Marketing to Four Legged Consumer Mums and Kids Essay

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July/August 2006, Issue 474

Marketing to the four-eyed, four-legged consumer
Tim Coffey, David Siegel and Greg Livingston The nature of the four-eyed, four-legged consumer (4i4l), otherwise known as mother and child, changes as the child matures from prebirth (pregnancy) to teen. Today's mothers and their children are substantially different from previous generations in their approach to life, and parenting in particular. By examining their lifestages, we can better understand …show more content…

Permissive mothers are more likely to use the childempowering styles of asking and choice-offering, and to be more responsive to children's requests. Restrictive mothers favour the more motherly-control styles of providing and choice-offering. CHILD-DRIVEN INFLUENCE From a child-driven perspective, there are two modes of interaction: requesting and reacting. 1. Requesting is when a child explicitly makes its wants known to its mother through any sort of communication. There is, of course, the universally understood 'I want that' request, but requests are often more subtle; younger children under six, especially, are more likely to point to or pick up a product because their verbal skills are not as well developed as those of older children. 2. Reacting is perhaps the most powerful child-driven interaction style. It is clear that even when a mother is using either the providing or choice-offering style, the child's reaction is paramount. It is an immutable truth that if a child does not like a product intended for her use, the child will not use it. Just observe a parent who attempts to serve baby-food peas to an infant or toddler who does not like peas. Those peas usually end up on the parent's face. And, since few parents are willing to endure peas in the face more than a few times (the first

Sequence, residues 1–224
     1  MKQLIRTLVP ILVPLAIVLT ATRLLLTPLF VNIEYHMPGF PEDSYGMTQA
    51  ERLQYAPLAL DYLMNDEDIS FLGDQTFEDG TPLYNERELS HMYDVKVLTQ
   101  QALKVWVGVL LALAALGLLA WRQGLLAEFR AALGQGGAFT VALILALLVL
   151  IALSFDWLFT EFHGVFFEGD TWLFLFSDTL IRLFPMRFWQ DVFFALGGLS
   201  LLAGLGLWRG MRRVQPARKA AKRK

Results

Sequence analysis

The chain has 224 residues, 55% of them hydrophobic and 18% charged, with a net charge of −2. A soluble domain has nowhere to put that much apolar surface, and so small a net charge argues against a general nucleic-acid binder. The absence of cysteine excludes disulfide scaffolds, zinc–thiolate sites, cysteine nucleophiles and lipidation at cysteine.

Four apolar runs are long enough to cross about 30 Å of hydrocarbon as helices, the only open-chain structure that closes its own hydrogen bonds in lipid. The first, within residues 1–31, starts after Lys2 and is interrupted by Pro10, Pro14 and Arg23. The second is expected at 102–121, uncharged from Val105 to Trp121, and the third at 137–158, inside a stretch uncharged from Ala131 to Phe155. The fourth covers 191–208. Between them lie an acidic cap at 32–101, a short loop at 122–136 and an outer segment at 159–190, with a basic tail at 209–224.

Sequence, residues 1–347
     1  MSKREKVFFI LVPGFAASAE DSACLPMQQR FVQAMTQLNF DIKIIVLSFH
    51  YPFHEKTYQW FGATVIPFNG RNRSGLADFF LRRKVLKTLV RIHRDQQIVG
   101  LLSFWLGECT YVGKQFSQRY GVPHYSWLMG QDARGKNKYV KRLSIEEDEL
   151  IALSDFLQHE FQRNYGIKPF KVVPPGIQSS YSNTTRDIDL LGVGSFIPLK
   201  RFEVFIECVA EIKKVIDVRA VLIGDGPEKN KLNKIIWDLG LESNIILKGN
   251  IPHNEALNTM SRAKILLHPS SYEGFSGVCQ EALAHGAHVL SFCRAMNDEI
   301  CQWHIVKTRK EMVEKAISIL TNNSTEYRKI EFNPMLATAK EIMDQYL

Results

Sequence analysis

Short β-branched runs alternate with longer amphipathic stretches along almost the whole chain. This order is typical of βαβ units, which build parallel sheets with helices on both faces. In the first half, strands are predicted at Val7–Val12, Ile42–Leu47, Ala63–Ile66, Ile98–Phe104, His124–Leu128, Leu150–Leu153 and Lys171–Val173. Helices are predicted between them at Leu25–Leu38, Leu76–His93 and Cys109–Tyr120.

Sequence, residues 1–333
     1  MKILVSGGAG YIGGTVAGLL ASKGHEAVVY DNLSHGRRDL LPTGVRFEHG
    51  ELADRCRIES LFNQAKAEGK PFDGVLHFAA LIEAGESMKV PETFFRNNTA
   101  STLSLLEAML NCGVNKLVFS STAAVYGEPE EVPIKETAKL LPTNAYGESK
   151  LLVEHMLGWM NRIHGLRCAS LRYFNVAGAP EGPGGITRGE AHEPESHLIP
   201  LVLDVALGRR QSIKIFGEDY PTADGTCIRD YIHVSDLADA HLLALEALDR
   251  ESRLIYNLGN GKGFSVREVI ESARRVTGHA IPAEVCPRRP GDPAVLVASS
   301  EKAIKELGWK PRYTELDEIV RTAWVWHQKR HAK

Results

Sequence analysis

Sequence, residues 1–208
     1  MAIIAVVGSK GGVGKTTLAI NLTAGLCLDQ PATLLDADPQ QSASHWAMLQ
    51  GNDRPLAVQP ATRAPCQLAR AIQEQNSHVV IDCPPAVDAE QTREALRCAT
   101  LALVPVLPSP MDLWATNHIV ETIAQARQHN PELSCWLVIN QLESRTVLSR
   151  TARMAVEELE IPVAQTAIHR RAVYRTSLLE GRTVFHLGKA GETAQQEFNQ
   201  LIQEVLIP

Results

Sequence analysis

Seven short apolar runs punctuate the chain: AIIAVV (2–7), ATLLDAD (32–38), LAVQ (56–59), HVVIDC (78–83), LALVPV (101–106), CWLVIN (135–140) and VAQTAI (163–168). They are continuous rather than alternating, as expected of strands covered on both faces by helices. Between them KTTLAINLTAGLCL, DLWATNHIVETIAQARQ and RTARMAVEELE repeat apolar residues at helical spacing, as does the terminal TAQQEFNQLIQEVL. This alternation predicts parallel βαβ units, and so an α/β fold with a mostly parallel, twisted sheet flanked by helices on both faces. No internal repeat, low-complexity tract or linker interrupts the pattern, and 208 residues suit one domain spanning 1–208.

seems kind of funny), there is a second immutable truth, which is that a mother will not buy what

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